London: Venezuela’s vast nationalised oil sector needs to open up to foreign investors if it is to develop but there is little likelihood of a rapid change following the death of president Hugo Chavez, analysts say.
Chavez used oil as a political and propaganda tool and his passing has focused attention on what will happen next to the largest proven crude oil reserves in the world.
Oil prices slid on Wednesday, having earlier rebounded on uncertainty following Chavez’s death. The market then accelerated losses after signs of weak demand in the United States, the world’s leading oil consumer.
“President Chavez going out of the picture is a big game-changer,” Diego Moya-Ocampos, analyst at IHS Global Insight, told AFP.
“He leaves a power vacuum (in Venezuela) which will be very, very hard to fill.”
Moya-Ocampos believed that if Chavez’s chosen successor Nicolas Maduro won elections that could be held within a month, little would change in the short term.
“If Maduro is elected, we could expect some policy continuity, and the same sort of nationalist approach.”
Analysts at JBC Energy agreed: “We do not expect large changes to Venezuela’s oil policies and see only a minor chance for greater openness towards foreign investors, especially as current arbitration cases against IOCs (International Oil Companies) are still ongoing.”
The US giant ConocoPhillips is one of the companies in dispute with Venezuela.
Chavez’s rise was closely linked to oil. He nationalised some assets owned by international oil companies and put the state company PDVSA in control of all oil and gas projects.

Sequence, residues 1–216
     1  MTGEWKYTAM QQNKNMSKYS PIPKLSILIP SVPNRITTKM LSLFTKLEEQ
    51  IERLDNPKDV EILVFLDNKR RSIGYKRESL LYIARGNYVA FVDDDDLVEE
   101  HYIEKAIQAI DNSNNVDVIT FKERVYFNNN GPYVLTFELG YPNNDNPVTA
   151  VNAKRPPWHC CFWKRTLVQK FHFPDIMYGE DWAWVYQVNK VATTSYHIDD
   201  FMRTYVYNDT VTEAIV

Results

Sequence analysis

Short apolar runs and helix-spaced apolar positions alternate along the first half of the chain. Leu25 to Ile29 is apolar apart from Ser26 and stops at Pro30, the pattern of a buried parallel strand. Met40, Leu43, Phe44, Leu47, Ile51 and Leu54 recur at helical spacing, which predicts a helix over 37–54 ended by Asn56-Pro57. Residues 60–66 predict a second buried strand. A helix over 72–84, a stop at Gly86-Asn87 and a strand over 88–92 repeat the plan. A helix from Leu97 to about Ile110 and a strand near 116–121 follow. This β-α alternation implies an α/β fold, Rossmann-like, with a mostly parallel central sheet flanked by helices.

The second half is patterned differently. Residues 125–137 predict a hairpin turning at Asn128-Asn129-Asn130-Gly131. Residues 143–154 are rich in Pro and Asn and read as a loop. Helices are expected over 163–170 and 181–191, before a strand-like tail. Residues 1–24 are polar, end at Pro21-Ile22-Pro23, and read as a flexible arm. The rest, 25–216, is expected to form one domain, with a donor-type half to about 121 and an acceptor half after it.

Following his election in 1998, Chavez profited from the dizzying rise in crude prices which increased tenfold in a decade, investing billions of dollars of the profits into ‘social inclusion’ projects for the poor.
Chavez also used the oil to keep his allies close. Venezuela supplied 100,000 barrels of crude a day at preferential rates in exchange for medical personnel. Chavez also sent Nicaragua 10 million barrels of oil a year and Uruguay received between six and eight billion barrels a year.
But it is China that could suffer most from any breakdown in the special relationship it cultivated with Chavez’s regime.
China has agreed to lend Venezuela around $50 billion through the Chinese Development Bank in return for shipments of crude oil. “Beijing will be worried about the future of this strategic investment,” said Jean-Francois Dufour, an analyst at the French company DCA Chine-Analyse.
David Rees, of Capital Economics, said: “The uncertain political outlook could discourage future petro-loans from China.”
With oil revenues providing 90 percent of Venezuela’s foreign earnings, Chavez’s likely successor Maduro will probably have to increase oil output to maintain the social inclusion policy, Moya-Ocampos said.
And that, he believes, could see international oil companies being allowed to play a bigger role.
“It will lead to a situation where… particularly in the oil-rich Orinoco Belt, we can expect some flexibility.
“Because at the moment, what we’re seeing is that most of the companies are in wait-and-see” mode until it is clear who will lead the country.
Production decreased 25 percent under Chavez’s rule and the sorely-needed influx of foreign investment to increase output will not come overnight.
“It took Mr Chavez ten years to run the oil industry down and it might take just as long to get it back again,” Rees said.
Whatever happens, Venezuela will remain a major player in the oil market. According to BP economists, it has the largest proven reserves of crude in the world, with 296 billion barrels, compared with 265 billion barrels for Saudi Arabia.
Despite Chavez’s hostile relationship with US politicians, Venezuela exported 36 percent of its oil production to the United States in 2012.